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Like it or hate it, Free-To-Play gaming is here to stay

Call of Duty Online

Agree?  Disagree? Sound off in the comments below, and for the “con” side of the argument, check out “Why Free-to-Play is a fad.”

Free-to-play games may not overtake the standard model of retail gaming, but it is the future of gaming – not the only future, or even the dominant one, but the future nonetheless. Soon there won’t be a major publisher on the planet that doesn’t offer a free-to-play game, just as many are now focusing time and money on mobile gaming. Unlike mobile – which is perhaps best viewed as a companion to retail games, or as an option for people that wouldn’t otherwise game – F2P is proving that it is more than just a business model, it is a new way to think about traditional gaming.

In America, the F2P craze is just beginning to catch on. You can argue that it began decades ago with freeware, but the current “free-to-play” model is a specific type of game that is powered by microtransactions. That style of game has been slowly expanding for a while now, but it’s really only within the last handful of years that the model stretched beyond just a few specific games and became its own sub-industry.

On the other hand, F2P is huge around the world. In China, where consoles are almost nonexistent and there are over 100 million online users, F2P games enjoy massive popularity. Call of Duty Online entered open beta earlier this year, bringing a massively multiplayer take on Activision’s hit franchise exclusively to the Chinese audience. Nintendo has a similar plan in motion for an MMO treatment of Monster Hunter.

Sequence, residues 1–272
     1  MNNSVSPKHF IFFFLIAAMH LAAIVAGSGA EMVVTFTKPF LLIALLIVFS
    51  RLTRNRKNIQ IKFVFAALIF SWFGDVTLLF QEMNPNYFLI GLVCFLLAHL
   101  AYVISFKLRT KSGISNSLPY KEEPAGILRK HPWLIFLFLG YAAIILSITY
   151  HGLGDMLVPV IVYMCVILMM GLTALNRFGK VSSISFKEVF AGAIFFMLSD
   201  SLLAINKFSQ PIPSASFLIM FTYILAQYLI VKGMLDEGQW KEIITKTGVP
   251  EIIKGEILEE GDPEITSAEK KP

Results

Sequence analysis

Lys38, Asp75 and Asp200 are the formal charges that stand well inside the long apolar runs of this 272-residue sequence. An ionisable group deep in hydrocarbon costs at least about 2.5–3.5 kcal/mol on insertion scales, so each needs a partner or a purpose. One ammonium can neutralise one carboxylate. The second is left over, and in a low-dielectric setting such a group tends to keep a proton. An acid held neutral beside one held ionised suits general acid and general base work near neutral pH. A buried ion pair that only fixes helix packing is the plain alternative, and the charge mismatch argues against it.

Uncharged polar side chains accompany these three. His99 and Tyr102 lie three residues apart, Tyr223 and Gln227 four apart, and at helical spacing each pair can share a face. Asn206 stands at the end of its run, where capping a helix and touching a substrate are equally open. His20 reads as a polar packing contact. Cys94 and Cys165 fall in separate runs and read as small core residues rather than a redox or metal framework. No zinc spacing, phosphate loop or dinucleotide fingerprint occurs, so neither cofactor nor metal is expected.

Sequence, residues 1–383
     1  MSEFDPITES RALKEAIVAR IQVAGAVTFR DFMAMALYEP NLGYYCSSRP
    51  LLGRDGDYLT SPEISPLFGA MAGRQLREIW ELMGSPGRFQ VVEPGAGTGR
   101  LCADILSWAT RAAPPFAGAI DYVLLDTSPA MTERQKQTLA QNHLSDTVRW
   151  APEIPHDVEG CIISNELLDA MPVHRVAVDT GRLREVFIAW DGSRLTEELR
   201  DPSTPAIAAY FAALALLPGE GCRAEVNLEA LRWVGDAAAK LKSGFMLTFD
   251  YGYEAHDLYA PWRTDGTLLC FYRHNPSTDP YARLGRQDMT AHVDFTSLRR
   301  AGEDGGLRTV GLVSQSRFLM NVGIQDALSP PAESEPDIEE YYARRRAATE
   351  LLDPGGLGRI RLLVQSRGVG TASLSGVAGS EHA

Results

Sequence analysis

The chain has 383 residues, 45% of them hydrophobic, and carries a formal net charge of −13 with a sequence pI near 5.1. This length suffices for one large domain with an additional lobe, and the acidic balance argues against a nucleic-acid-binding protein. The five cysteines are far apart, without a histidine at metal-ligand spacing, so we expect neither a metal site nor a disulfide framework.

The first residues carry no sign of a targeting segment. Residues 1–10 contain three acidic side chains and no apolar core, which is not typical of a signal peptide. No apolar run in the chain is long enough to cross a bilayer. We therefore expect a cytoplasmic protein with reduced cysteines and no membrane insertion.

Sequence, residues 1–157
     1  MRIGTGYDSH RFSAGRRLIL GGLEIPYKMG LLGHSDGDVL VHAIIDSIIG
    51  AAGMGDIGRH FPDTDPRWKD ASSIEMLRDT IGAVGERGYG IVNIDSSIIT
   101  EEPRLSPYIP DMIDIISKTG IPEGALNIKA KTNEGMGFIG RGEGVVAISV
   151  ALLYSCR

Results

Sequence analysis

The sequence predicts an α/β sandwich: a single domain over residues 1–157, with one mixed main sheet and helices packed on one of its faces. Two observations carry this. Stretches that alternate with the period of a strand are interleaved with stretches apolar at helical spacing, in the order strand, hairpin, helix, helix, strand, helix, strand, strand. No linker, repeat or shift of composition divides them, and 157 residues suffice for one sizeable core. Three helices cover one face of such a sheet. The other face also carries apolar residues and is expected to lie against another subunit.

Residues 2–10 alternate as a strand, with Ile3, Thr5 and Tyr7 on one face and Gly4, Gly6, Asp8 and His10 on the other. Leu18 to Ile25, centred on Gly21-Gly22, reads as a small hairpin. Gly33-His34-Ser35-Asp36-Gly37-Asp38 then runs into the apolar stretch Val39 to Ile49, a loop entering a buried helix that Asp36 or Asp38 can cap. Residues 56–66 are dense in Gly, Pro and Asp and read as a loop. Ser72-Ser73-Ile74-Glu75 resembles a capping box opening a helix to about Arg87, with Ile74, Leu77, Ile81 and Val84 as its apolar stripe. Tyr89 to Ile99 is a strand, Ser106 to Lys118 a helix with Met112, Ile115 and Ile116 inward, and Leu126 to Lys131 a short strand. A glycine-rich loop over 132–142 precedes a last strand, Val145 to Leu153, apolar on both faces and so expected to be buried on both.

free_to_play is here to stay monster hunter screenshot

South America is also a hotbed for online gaming as consoles struggle to saturate that market. Brazil services the 8th largest online population in the world, and  F2P games receive much of the attention. This is partly due to an old law that puts a 120-percent tax on retail video games, treating them as gambling in the eyes of the law. Free-to-play games create a creative loophole that circumvents the outdated statute.

American, European, and Asian publishers know which way the wind is blowing: Retail games aren’t going away by any means, but the F2P model is more than just a gimmick. It is one of the pillars of the future of gaming. To top it all off, F2P virtually eliminates the need for piracy and used games, two things that publishers hate in nearly equal measure.

People like Free Stuff

The “free-to-play” classification is actually a misnomer. These games are free to play, but only technically, as they rely heavily on microtransactions. The publisher needs these to make money, and the gamers need them to get the most out of the game. It is annoying and even frustrating to play and lose to someone that simply paid some money for an in-game benefit but it really is just a matter of how you perceive these games.

People like free stuff, and publishers know that. Marketing campaigns push the “free” aspect over and over again, and you often hear that you can unlock the same or equivalent content through play that you can with money. This is usually true, but it’s unrealistic. If the difference between getting a cool weapon that makes the game more fun is either $1 or 100 hours of gaming, a dollar seems reasonable. A better way to think of F2P is “pay what you want.”